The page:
Evergreen: Cultivate the Enduring Customer Loyalty that Keeps Your Business Thriving by Noah Fleming
Noah Fleming is a marketing specialist who works with some of the biggest companies in the world. He also has a successful blog, where he offers advice and tips about how to build strong companies and how to interact with clients.
This, combined with a series of successful public speaking events, led to one of the most interesting marketing books ever published – Evergreen.
The title for Evergreen comes from an analogy that some businesses can grow and stay strong forever: “A great business is like an evergreen. Over time it too, can grow to be a giant, towering above others.”
GAINING CUSTOMER LOIALTY / EVERGREEN
Evergreen presents strategies that all marketers should consider when making decisions about how to attract new customers and how to keep the existing ones.
One of the biggest points that Noah Fleming stresses is that your main focus should be on your existing customers and engaging with them. In terms of costs and approachability, they are much more profitable than the potential new customers you’re trying to attract.
The main principles of every successful business are found in the 3 C’s, which Evergreen details:
These 3 items will help you get loyal customers, and they are the roots of a solid and growing company:
“If you have great content, great character, and great community, you are poised to build strong customer loyalty and Evergreen relationships.”
Many people believe that marketing is all about attracting new customers who will save your business. But unfortunately that isn’t always the case, as you’ll learn from the book. It’s cheaper to focus on your existing customers and convince them to come back and buy from you. In order to do this, first you need to start gathering data about them.
Approach your clients differently, according to at least a few criteria like age, sex, gender, and occupation:
“Many fatal business mistakes can be traced directly back to a company’s focus on acquiring new customers, its lack of appreciation of existing customers, or its lack of understanding customers’ wants and needs.”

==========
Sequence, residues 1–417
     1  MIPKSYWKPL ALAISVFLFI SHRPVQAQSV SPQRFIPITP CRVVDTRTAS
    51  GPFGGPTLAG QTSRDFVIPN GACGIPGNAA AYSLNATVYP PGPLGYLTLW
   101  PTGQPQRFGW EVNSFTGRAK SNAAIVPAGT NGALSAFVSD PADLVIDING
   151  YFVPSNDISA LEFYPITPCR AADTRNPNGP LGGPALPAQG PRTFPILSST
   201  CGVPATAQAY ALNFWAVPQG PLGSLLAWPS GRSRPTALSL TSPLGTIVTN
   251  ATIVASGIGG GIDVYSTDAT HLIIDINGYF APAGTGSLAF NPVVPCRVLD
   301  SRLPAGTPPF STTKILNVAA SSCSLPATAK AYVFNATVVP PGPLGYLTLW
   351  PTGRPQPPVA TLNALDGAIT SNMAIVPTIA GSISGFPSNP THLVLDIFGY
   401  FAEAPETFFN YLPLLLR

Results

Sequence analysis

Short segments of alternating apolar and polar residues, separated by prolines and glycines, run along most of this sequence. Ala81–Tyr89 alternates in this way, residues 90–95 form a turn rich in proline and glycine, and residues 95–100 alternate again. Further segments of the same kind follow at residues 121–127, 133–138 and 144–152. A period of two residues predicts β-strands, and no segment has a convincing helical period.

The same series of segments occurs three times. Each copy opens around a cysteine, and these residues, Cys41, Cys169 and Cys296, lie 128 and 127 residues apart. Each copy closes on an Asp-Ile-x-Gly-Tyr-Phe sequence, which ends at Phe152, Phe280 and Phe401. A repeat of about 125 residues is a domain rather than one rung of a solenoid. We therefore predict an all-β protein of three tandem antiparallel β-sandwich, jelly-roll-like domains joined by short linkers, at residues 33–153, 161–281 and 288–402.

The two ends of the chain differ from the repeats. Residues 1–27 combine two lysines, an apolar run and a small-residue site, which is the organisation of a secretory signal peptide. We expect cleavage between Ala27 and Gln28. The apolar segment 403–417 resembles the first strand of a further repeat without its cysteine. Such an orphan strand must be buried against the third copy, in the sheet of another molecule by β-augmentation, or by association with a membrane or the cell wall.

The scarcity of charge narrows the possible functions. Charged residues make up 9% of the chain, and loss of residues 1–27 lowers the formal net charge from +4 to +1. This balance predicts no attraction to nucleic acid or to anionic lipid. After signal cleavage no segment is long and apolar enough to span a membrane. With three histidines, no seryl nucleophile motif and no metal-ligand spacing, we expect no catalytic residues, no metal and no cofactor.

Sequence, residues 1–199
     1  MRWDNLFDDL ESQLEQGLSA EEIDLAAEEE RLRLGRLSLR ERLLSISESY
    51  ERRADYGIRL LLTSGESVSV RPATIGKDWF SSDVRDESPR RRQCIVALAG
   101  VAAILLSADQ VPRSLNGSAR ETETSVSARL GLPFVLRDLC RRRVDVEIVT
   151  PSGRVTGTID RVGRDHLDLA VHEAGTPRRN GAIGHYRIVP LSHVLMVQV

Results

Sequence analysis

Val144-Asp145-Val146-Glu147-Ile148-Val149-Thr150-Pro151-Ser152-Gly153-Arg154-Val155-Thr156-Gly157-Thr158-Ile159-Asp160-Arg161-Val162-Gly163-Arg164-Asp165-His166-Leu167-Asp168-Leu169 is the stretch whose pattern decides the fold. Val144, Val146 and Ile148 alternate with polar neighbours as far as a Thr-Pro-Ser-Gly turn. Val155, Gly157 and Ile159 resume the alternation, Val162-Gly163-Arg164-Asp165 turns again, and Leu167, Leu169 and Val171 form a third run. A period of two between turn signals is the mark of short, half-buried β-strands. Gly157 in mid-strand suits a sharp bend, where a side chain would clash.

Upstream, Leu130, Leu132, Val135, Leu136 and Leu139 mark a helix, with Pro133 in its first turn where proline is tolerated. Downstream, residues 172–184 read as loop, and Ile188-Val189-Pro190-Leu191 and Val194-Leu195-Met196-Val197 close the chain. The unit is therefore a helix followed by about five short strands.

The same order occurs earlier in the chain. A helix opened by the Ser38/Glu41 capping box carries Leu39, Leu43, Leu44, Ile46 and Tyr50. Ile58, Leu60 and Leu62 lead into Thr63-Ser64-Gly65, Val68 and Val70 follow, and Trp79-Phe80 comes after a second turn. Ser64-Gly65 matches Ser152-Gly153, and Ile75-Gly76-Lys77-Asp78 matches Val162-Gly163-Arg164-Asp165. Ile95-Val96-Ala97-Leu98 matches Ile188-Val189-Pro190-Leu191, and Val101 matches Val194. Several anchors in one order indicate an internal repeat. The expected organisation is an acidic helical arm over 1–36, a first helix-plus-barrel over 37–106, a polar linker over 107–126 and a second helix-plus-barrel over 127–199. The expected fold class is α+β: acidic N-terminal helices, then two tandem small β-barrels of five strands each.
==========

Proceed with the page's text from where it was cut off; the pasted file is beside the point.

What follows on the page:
One of the most interesting ideas in Evergreen is about the relationship between the person selling the products and the customers. We usually refer to this process as “closing a deal”. But Noah Fleming suggests seeing things from a different perspective, and calls it “opening a relationship”. And this aspect is extremely important, because we shouldn’t just be selling products and then forgetting we ever had that customer.
Why invest in attracting new customers, when we already have a lot of potentially loyal customers that just need our attention?
This is where the process of follow-up becomes important. How many times after staying in a hotel do you receive a call or an email, asking you for feedback? I’m going to guess it’s not that often. But this could be the starting point of a long-term relationship with that hotel.
If they knew you were on vacation and that you return to that city regularly, they could send you offers in advance and cultivate a more meaningful relationship with you. But most companies don’t do that because, most of the time, what’s considered “sexy” in marketing is creating campaigns that will attract new customers. Which isn’t wrong per se, but this often costs a lot more than anticipated and the results aren’t that good.